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Using mindfulness to keep covid concerns contained


Wairarapa counsellor Liz Dixon said mindfulness helps keep covid under control. She speaks to LUCY REVILL about creating calm spaces and the growing demand for mental health providers.
South Wairarapa-based counsellor Liz Dixon with dog Pablo. PHOTO/LUCY REVILL

In her warm Greytown home, surrounded by colourful art and antique furniture, counsellor Elizabeth [Liz] Dixon is drinking a cup of tea.

It’s a rare moment of peace during another busy day for the South Wairarapa-based mental health provider.

Dixon described mental health in New Zealand as in “crisis”. Wairarapa is no exception.

Resources are stretched and the demand for counsellors is rising. She said the problem in the region has been exacerbated by shifting demographics and the ongoing pandemic.

“A lot of mental health issues come from lack of connection,” said Dixon. “Often, it’s about the feeling of powerlessness and loss of control, uncertainty, and angst. Covid and omicron add to that.”

Dixon is a long-time local who has lived in Wairarapa for over 20 years.

She said South Wairarapa, where many of her clients are based, has changed in the two years since New Zealand’s first lockdown.

Many millennials with a greater focus on mental health than previous generations have started a new life here, Dixon said. More people are working from home meaning that they’re happy to visit her during the daytime.

Dixon started working from home full time after the first lockdown in 2020. Since then, her counselling practice had continued to grow. Dixon came to counselling later in life, with ample life experience.

“I was going through an existential crisis thinking about what I wanted after raising my kids,” she said. “I did a degree at Weltec, including 200 hours of practicum. Now I’ve been a full-time counsellor for ten years.”

On recommendation, Dixon began her career with an agency in Wellington.

“It was a good foundation,” she said. “But most of my work was over the hill in Wellington, even though I lived in Wairarapa. I was constantly travelling.” On average, Dixon would clock 600km a week.
Kempton St is now her office and her home.

“I love being self-employed because I don’t have to deal with any politics and I’m not using a lot of time simply travelling,” Dixon said. She credited having built a good client base.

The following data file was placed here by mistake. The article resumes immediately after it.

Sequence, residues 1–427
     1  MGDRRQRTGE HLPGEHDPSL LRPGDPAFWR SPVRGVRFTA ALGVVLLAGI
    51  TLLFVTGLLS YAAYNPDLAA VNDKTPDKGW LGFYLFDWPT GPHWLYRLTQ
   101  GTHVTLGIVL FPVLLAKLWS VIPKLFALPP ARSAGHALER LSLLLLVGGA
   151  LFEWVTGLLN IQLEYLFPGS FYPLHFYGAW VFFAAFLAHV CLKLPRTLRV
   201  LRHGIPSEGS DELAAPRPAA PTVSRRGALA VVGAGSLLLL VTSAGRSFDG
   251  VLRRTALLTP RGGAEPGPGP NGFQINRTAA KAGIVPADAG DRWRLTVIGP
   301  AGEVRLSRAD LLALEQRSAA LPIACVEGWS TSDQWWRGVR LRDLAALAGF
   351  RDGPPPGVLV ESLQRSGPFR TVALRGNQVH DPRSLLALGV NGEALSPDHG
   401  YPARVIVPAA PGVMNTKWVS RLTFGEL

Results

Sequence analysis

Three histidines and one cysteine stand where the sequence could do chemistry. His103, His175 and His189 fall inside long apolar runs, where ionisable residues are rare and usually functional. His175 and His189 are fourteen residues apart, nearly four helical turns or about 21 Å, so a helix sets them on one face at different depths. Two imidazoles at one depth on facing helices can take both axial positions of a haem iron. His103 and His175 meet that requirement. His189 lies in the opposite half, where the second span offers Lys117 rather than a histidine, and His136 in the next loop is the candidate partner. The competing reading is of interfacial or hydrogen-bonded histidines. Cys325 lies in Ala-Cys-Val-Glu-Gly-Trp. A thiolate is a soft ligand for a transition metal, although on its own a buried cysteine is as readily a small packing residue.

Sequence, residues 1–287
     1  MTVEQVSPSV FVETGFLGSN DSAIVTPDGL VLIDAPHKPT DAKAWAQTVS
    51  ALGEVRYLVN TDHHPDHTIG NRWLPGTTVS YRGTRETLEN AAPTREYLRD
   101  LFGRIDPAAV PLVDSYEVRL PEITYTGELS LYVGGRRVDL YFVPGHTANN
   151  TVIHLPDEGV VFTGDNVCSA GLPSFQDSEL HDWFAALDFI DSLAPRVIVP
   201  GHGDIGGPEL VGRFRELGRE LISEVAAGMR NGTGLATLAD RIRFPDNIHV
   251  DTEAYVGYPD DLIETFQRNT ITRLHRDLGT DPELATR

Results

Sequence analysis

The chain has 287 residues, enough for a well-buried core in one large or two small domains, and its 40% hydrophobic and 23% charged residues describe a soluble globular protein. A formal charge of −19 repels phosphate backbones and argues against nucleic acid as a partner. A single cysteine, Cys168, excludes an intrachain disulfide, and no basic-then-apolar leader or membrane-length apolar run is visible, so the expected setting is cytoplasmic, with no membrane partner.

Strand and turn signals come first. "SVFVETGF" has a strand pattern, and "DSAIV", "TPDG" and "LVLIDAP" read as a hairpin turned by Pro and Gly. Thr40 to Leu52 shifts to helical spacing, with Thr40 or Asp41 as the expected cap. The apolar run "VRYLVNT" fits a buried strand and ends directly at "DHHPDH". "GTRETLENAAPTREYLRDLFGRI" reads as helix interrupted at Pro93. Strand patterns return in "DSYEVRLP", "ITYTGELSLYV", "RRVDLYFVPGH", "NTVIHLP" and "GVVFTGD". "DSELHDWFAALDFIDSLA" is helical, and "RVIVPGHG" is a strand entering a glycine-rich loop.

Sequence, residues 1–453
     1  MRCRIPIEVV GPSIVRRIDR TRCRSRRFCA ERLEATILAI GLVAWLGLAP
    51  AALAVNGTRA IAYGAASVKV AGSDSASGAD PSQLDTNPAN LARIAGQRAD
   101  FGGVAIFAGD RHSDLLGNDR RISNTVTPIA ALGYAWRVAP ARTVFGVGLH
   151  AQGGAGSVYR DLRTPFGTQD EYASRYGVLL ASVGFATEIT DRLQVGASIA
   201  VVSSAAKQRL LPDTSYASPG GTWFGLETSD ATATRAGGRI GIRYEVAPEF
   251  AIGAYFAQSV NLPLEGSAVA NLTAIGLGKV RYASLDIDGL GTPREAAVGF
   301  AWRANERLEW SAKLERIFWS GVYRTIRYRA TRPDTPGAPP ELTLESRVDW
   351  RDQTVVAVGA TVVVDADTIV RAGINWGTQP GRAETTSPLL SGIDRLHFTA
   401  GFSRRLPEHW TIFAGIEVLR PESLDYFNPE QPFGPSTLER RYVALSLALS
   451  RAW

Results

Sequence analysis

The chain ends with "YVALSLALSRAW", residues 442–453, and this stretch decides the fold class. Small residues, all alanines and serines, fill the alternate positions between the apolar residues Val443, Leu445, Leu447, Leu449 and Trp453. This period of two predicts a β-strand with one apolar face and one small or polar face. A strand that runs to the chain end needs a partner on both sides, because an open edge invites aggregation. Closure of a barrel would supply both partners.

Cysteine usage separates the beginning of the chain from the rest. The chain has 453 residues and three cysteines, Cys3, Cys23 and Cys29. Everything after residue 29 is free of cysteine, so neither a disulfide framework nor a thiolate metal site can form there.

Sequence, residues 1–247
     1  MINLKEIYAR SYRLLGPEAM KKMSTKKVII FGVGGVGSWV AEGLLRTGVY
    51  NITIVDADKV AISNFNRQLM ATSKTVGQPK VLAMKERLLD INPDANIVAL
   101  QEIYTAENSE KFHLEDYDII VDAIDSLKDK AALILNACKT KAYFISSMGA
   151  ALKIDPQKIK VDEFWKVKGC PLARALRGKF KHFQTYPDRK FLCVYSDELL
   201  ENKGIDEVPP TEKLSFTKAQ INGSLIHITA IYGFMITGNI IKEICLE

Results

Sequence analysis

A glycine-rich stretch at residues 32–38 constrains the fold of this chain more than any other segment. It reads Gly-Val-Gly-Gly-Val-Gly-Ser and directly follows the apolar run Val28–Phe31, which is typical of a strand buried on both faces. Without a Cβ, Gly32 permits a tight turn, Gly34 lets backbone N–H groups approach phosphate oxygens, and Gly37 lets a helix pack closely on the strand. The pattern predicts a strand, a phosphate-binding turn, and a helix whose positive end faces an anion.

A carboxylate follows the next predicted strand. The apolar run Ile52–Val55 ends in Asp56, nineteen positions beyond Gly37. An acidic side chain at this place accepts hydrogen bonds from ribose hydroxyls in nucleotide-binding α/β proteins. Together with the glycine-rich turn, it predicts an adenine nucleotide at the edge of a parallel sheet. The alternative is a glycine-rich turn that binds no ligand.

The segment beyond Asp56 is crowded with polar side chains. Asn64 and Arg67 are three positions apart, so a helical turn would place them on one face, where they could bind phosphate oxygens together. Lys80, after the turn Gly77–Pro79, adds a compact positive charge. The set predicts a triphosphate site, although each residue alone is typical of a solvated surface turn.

“Personally, it’s been good for me to be working full time on this side of the hill.”

Financial pressure was a contributor to stress.

“Increased pressures with the cost of living and housing – people are feeling the pinch. There’s a growing gap between those who have enough and those who don’t.

“Household members are working more than one job, and then they’re less available for their children.”

She also said people with family overseas struggle, adding to isolation.

It’s not just the adults. “Children are feeling more anxious about going to school. Teenagers are facing a lot of existential issues” Dixon said. “Everybody across the board has been interrupted, and everyone needs to get used to a new normal over time. It’s created a lot more anxiousness and unpredictability.

“People are learning to adapt to constant change.”

Like many in the mental health profession, Dixon had had her own challenges with covid. Using Zoom has enabled her to see clients who are unwell or aren’t vaccinated.

“Luckily, over 90 per cent of people are vaccinated. With part of my client base being immunocompromised, I need to be mindful. This is where technology can be helpful.”

With increased demand, Dixon was conscious of maintaining her own well-being.

“Pacing myself and watching my process is a daily challenge,” she said. “But I prioritise that because I know that my wellness is critical also, and I can’t offer what I want to my clients if I’m not functioning effectively. At the moment, I’m counselling at least five days a week. Because of working from home, I can offer some flexibility with evening sessions or weekend sessions. I do need to do a daily check-in, managing things.”

For Dixon, that might mean diving into a new book by Gabor Mate or listening to a podcast. Mindfulness is essential.

“Checking in allows you to monitor your thinking so you can keep your thoughts healthy and you’re not overreacting to something during the day.”

Dixon suggested googling for a counsellor or using word-of-mouth recommendations for those on the hunt. You may have to go on a wait-list, but many will find a spot for those in need.

Dixon loved her life in Wairarapa, and valued contributing to the community.

“Assisting people on their journey to well-being is incredible” she said. “We may not have it all together but together we have it all”

Dixon’s strategies for coping with anxiety

  • Mindfulness has become huge, and it’s a powerful agent of change. Try to slow your process down through the day. Self-awareness is key.
  • Start with a good intention for the day. Having a belief that you can manage what comes up.
  • Slow down your breathing. Try breathing in for four counts, holding for four counts, and breathing out for five.

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